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Variety of Indicators Show Positive Wool Picture

01 June 2015

GLOBAL – Australian wool sales and Chinese acceptance of current market levels are reasons for the wool industry to be optimistic.

This is according to Australian Wool Innovation latest reports which has charted a “recent rapid rise” in wool prices and is confidence about Chinese demand offering support in the future.

Last week’s Eastern Market Indicator closed at a four year high of 1312 ac per clean kilo, 26 per cent higher year on year.

This year’s International Wool Textile Organisation congress at Zhangiangang, China, reported a positive tone. Stocks are low in China, and while European processors have shown “some reluctance” to current prices wool trader John Roberts of Eubinal Pty Ltd said he saw no reason why prices should head south any time soon.

Addressing delegates, he said economic reforms in China appear successful.

Furthermore, the auction pass-in rates are suggesting strong demand in the Australian market. At 2.8 per cent, the rate has been at its lowest since the demise of the stock pile in 2001.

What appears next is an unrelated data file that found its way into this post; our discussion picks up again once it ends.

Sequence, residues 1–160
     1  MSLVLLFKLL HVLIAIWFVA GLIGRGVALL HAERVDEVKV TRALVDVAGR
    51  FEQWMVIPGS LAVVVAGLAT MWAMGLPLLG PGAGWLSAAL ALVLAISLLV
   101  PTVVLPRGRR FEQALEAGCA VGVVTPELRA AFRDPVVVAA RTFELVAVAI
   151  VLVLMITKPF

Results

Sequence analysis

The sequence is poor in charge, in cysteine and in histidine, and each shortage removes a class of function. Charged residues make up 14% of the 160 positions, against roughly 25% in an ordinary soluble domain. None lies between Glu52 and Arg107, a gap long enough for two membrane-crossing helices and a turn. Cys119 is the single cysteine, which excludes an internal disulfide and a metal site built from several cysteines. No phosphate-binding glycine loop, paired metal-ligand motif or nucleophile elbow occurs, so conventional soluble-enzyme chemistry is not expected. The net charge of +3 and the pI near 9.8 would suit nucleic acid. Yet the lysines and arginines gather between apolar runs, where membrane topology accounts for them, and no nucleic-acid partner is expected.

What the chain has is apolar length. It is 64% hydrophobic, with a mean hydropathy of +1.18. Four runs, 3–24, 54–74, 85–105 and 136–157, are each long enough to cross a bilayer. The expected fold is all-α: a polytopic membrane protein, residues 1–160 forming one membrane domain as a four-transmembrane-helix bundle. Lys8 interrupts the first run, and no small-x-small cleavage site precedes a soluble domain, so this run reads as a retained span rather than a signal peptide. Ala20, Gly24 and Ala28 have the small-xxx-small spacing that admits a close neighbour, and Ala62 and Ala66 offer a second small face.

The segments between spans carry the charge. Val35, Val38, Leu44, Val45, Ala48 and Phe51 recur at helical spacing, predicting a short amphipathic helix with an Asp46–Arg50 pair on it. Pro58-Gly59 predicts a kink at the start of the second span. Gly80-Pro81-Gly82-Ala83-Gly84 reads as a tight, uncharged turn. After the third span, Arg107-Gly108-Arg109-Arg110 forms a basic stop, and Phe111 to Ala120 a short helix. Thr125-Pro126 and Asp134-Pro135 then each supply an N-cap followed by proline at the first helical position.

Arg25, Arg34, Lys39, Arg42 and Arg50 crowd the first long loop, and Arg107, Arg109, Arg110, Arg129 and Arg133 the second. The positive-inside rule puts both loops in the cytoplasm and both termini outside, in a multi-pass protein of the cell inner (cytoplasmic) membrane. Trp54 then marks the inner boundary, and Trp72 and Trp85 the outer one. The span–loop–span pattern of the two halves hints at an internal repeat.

Commenting on this figure, AWI said: “Auction pass-in rates can reflect many things, but in its simplest sense, it reflects the strength of buyer sentiment versus that of the seller.

“If the sellers aren’t receiving the price signals expected, pass-in rates tend to rise, and vice versa.

“High pass-in rates reflect absence of buyer interest, and low pass-in rates reflect strong buyer interest.”

Looking ahead, 26,000 bales forecast for sale volume in Australia next week. AWI described last week’s placement of 37,000 bales as a “small offering” and is expecting buyer pockets to be tested next week.

All types and product descriptions “appreciated greatly”. Notable Merino fleece wool gains were reported.

“The weak AUD helped the Chinese indent buyers immensely and they fully utilised the 2.5 to 3 per cent week on week advantage in currency,” added AWI in its weekly update. “The short to medium expectation of a relative shortage in global wool supply has triggered much of the activity, as stocks in most sections of the supply chain have been allowed to run dangerously low.”

Michael Priestley



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